When reviewing the effect of the bill through surveys of providers, children, caregivers and other partners in the child welfare system, it was discovered that a common obstacle to normalcy was the inability of foster youth to get their driver's permit or license. Almost 98 percent of youth age out of the child welfare system without a driver's license.

"Everyone wanted to figure this out," Abramowitz said. He worked with elected officials, insurance lobbyists and lawyers to create a viable solution.

The bill, which was sponsored by Senator Nancy Detert and Representative Ben Albritton, had unanimous support within the legislature. On June 19, Governor Rick Scott signed it into law.

"For years, we felt like this was one area that created a hindrance and stumbling block for our kids," Deborah Moore, Circuit Director for the Second Judicial Circuit Guardian ad Litem Program, said. "It makes me really proud that we have legislative support to fix it."

The "Keys to Independence Act" will alleviate the obstacles youth in the child welfare system face, such as driver's education costs and attaining insurance.

"Sometimes the youths are moving around so much that they can't get into a class," Abramowitz said. "Money is a big obstacle when it comes to insurance."

The bill comes with $800,000 per year in funding to assist with the costs of insurance and driver's education classes. The bill will have provisions to help youth obtain insurance and reduce liability for caregivers. It is also aimed at educating caregivers about the opportunities to get youth driving.

"It is going to remove the obstacles and burdens. That is huge," Griffard said. "It will open the door for so many youth and give them something positive."

Thomas Fair, a former foster care youth and founder of Youth Shine, knows personally how it felt to be denied the opportunity to get a license. He was only able to get a license after he turned eighteen-years-old.

"It was a goal that I had that I couldn't achieve," Fair said.

Fair, who had tried to get his license while he was still in the system, says he couldn't because he could not register for driver's education and had no one to put him under their automobile insurance so that he could drive. He was able to get his license at eighteen without ever getting his permit or going through a driver's education class.

"I was a safe driver, but I really didn't know what I was doing. I had no training, no practice," Fair said. "It was scary, not to mention my insurance was sky high."

Abramowitz has already worked to get one youth driving. Caleb's fifteenth birthday, unlike most of his friends, did not involve a trip to the driver's license office to get his permit.

"There was just so many things, so many people we had to go through. It was a mess," Caleb said.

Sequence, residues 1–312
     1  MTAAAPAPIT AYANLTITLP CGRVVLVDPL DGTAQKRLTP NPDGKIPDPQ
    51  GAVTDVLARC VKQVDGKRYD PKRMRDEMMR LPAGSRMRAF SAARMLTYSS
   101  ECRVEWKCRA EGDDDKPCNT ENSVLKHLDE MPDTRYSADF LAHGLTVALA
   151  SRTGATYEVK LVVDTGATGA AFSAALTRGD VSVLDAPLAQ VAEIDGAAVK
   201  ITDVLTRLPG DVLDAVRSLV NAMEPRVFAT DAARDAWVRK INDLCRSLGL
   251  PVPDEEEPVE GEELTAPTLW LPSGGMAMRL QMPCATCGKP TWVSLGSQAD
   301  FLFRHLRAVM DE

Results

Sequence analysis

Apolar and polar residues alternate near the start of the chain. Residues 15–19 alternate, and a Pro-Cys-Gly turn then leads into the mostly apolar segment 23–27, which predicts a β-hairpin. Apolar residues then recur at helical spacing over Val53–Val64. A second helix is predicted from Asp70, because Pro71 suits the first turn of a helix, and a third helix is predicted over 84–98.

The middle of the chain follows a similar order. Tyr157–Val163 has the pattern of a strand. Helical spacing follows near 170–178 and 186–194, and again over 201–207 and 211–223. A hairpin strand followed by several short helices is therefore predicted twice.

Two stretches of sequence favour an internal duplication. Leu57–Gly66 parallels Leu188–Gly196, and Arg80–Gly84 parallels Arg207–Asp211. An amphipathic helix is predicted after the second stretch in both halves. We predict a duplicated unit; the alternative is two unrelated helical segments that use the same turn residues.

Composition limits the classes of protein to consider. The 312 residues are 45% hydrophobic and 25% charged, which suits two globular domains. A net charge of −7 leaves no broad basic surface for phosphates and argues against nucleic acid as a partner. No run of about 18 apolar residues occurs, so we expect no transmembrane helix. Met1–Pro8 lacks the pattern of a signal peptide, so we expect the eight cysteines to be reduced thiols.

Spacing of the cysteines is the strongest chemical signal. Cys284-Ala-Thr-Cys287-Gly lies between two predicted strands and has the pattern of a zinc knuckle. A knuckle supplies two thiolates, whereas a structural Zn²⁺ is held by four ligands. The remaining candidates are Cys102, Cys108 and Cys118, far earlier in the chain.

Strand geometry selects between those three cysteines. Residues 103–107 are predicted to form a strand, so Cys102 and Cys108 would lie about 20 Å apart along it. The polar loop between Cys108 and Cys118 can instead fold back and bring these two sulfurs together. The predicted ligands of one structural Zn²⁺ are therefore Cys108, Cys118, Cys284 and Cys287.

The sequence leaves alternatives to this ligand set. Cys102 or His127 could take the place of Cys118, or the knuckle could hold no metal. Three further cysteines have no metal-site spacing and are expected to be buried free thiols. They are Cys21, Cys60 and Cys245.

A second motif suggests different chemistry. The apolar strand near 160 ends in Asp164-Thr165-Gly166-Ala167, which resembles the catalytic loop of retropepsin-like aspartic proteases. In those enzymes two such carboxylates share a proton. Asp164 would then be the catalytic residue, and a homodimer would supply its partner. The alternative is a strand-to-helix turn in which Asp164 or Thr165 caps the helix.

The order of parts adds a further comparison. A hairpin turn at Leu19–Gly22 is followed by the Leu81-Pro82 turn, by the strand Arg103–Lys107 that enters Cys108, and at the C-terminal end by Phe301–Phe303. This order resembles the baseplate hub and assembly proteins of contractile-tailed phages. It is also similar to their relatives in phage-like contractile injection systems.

Abramowitz, along with the Second Judicial Circuit Guardian ad Litem Program and its local non-profit Child Advocates II, Inc. (CAII), helped Caleb overcome the obstacles. CAII provided funding for the driver's education class and other fees. Three months ago, Caleb, who is now sixteen-years-old, was able to get behind a wheel. Abramowitz took his role as an advocate and mentor a step further and became his driving partner.

"I take him out whenever I can. He drives better than my kids do," Abramowitz said. "You can see the change in him."

By assisting youth with getting their permit, it will further their independence and their job opportunities.

"It is the first step to independence and employment," David Charroin, owner of Capital City Imports, said. "It shows employers responsibility, commitment, follow through and the ability to be there."

Charroin, who has worked with former foster youth to help them achieve car ownership, believes it is important to start with the responsibility of a license.

Abramowitz hopes that within the next year many youth will take advantage of the new opportunity. His goal is to have the number of youth in foster care who have their permit and license be proportionate to that of the community as a whole. Right now the state is accepting bids from non-profits to administer the program. Caleb will be on the committee who chooses the provider.

Caleb is happy that he was able to get his piece of plastic.

"You can't be independent if you are dependent on someone for a ride," Caleb said.

The Value of Guardian ad Litem Volunteers: Priceless

The Statewide Guardian ad Litem Program office recently published a new printable promotional flyer called The Value of Guardian ad Litem Volunteers.

The text of this new flyer is reproduced below. You can download it in JPEG and PDF formats, suitable for posting online and printing.

The Value of Guardian ad Litem Volunteers

  • For Children
  • Do better in school
  • 50% less likely to return to foster care
  • Have fewer placements
  • Receive more services
  • More likely to be adopted
  • Spend less time in foster care
  • For Florida
  • 32 months — average volunteer service period
  • $3,397 — cost to support a GAL volunteer
  • $7,474 — average cost of donated time and gas by GAL volunteer
  • $4,057 — return on investment per GAL volunteer

GAL volunteer contributions are PRICELESS!

I Am for the Child

Guardian ad Litem (GAL) volunteers are appointed by the court to advocate for children who have been removed from their homes due to allegations of abuse, abandonment or neglect. GALs develop a consistent relationship with the child, serve as educational advocates, help the child to experience and participate in normalcy activities and most importantly, they make recommendations to the court to ensure a safe, caring, stable and permanent environment for the child. Today, the GAL Program supports more than 9,200 volunteers serving more than 23,000 children.

GAL volunteers save the State of Florida $21,920,878 in salaries and benefits. It would take an additional 482 state employees to do this same work!

To Learn More: or Call (866) 341-1GAL

The Value of Guardian ad Litem Volunteers